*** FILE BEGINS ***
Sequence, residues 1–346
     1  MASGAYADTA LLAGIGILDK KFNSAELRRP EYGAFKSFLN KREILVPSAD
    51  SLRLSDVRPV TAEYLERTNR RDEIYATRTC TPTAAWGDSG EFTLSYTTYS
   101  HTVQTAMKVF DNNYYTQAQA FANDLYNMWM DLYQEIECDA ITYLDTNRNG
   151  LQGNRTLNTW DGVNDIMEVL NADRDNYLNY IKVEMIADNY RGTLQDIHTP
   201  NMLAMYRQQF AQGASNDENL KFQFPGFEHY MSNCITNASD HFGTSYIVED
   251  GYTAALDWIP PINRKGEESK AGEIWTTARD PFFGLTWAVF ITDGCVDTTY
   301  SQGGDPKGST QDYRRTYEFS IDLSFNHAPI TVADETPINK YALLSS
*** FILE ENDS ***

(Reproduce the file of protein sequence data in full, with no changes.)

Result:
Sequence, residues 1–346
     1  MASGAYADTA LLAGIGILDK KFNSAELRRP EYGAFKSFLN KREILVPSAD
    51  SLRLSDVRPV TAEYLERTNR RDEIYATRTC TPTAAWGDSG EFTLSYTTYS
   101  HTVQTAMKVF DNNYYTQAQA FANDLYNMWM DLYQEIECDA ITYLDTNRNG
   151  LQGNRTLNTW DGVNDIMEVL NADRDNYLNY IKVEMIADNY RGTLQDIHTP
   201  NMLAMYRQQF AQGASNDENL KFQFPGFEHY MSNCITNASD HFGTSYIVED
   251  GYTAALDWIP PINRKGEESK AGEIWTTARD PFFGLTWAVF ITDGCVDTTY
   301  SQGGDPKGST QDYRRTYEFS IDLSFNHAPI TVADETPINK YALLSS